Tal como se explicó en el Informe Central de la importante cita partidista, ambos documentos serán debatidos democráticamente por la militancia del Partido y la Unión de Jóvenes Comunistas, así como representantes de las organizaciones de masas y amplios sectores de la sociedad con el fin de enriquecerlos y perfeccionarlos.
Para información y conocimiento de nuestra población, a partir de este martes se pondrá a la venta en todos los estanquillos de prensa y oficinas de correos del país el texto íntegro de los referidos proyectos en un tabloide de 32 páginas y al precio de un peso.
Descargar el documento aqui:
Cuba: Permit me to disagree
By Guillermo Almeyra
A CubaNews translation.
Edited by Walter Lippmann.
[Reformatted for easier reading on the web.]
Two kinds of problems arise in the recent changes made in the Cuban government, some of form, others of content.
Regarding the former, neither Raúl nor Fidel, or any other official, have taken into account the need to make room for an economic alternative other than the existing one that depends on rules dictated by the market forces, or, for that matter, the need to introduce economic methods based on direct democracy and self-management, where the Cuban citizens-producers would play a more active role as much in decision-making as in the implementation of what is decided thereby.
More centralization, more institutionalization, more resolutions coming from the pinnacle of power, and more wartime-like economics has been the motto, and even the ousting of Pérez Roque and Lage were made, it has been said, to create a more functional structure of government, which reveals unspoken criticism leveled at the typical voluntarism practiced both by those seen as Fidel’s men and by Fidel himself.
That way Cuba has taken some sort of step toward the Chinese path… which we all know where it ended. In other words, a strong power underpinned by its single monolithic party that tries to steer its way into a pragmatic opening to the capitalistic market in order to modernize the country’s economy, increase labor productivity and reduce production costs without too much heed to the social consequences.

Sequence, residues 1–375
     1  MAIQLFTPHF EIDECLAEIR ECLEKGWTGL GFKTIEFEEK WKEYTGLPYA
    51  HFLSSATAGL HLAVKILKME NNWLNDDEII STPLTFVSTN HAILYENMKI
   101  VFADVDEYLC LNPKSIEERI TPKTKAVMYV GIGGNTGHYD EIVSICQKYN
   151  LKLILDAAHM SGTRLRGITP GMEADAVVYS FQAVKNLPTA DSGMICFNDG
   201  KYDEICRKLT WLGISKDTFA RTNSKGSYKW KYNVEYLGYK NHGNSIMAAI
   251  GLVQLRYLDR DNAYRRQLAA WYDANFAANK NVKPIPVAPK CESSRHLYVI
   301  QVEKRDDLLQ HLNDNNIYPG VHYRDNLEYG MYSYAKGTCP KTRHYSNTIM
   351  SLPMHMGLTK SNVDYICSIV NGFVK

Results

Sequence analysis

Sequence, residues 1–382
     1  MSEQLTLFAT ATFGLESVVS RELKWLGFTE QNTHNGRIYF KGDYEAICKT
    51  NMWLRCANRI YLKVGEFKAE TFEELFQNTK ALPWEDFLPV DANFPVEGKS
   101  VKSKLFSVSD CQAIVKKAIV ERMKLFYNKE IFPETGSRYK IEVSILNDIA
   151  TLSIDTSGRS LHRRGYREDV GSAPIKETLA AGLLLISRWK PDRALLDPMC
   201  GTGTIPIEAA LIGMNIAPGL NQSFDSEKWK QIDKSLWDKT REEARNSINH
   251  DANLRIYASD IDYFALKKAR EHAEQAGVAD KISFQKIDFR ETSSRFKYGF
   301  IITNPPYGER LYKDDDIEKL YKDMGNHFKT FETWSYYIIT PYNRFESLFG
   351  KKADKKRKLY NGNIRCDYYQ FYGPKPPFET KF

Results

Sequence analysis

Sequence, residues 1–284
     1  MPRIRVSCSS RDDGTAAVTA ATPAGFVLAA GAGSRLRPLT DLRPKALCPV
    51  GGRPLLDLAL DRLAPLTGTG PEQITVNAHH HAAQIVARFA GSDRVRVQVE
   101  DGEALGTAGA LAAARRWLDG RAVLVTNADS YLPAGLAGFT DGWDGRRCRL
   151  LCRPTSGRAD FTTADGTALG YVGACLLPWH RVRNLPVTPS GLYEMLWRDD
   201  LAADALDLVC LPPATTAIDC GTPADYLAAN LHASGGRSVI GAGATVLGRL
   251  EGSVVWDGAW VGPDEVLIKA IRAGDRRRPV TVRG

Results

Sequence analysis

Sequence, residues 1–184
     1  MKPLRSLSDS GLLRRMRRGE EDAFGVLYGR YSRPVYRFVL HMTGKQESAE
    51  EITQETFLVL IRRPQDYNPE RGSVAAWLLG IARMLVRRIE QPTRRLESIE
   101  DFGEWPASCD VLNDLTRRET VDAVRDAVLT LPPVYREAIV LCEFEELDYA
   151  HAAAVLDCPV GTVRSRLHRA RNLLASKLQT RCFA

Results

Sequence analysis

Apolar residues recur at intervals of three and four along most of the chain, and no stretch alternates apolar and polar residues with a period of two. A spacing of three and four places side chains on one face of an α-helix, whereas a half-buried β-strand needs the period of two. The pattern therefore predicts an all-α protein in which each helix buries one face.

However, Cuba is not China, as it has a small, if highly educated, population with a low birth rate and a history of poor productivity, unable to resort to huge amounts of foreign capital because of its very limited domestic market and the lack of a powerful and wealthy Cuban nationalistic bourgeoisie overseas which might be willing to invest in the island.
To cap it all off, a relative shortage of young people makes labor more expensive and, truth be told, Cubans are not easily satisfied, since the Revolution taught them to protest and demand. Furthermore, Cuba can’t just apply the Chinese recipe in the middle of a terrible worldwide crisis which is bound to become worse.
So much for the problems of form: rather than democratize the country, laying the foundations of a government planned from the bottom up by workers’ councils and sidelining the State’s bureaucratic apparatus, the Cuban establishment chose to have a go at the utopian purpose of rationalizing red tape and make the arbitrariness and squandering typical of any vertical system even more effective.
Moreover, I also differ on other points: why weren’t these problems happening in the highest circles informed to or discussed with the men and women in the street?
Instead of presenting the people with a number of faits accomplis, unexplained and obscure as befits a government-owned media which fearful of critical thinking and prone to underestimate the workers’ level of comprehension, why weren’t the merits and flaws of each leader publicly debated?
If the foreign minister and the vice-president of the Council of Ministers misbehaved and misused their status, as hinted in the press release, how responsible are their fellow leaders, starting with Fidel and Raúl?
If they were comrades in the said statement, and kept their high-ranking positions in the Political Bureau, the Central Committee and the government up until they announced their resignation in regrettable Stalin-like self-critical notices where they admit to mistakes not even mentioned, why does Fidel Castro, by whose side they worked for many years, say they became greedy and unworthy men who fed on the sweet nectar of power and had thus played into the hands of the enemy?
Do Raúl and the political and state leaders call comrades and invest powers in unworthy potential traitors, as Fidel tagged them, or is he (Fidel) using their statements to wreck another line –the victorious one?
Was the remark thrown over to Michelle Bachelet about vindicating Bolivia’s right to an outlet to the sea just a gaffe or an internal maneuver about an issue the Cuban government had decided to hush while awaiting for the Chilean president’s visit to consolidate his comeback to the Latin American stage?
Is the uncalled-for anger oozing from Fidel’s statements a symptom of old age or a camouflaged political torpedo destined to keep the various bureaucratic factions –the victors, the centralist military brass, and the vanquished– from engaging in a certain modus vivendi?
What does such cloaked goings-on in the upper echelons have to do with the battle of ideas, that is, with the socialist moral and political education (a task which Raúl has just assigned to the former chief of police Ramiro Valdés)?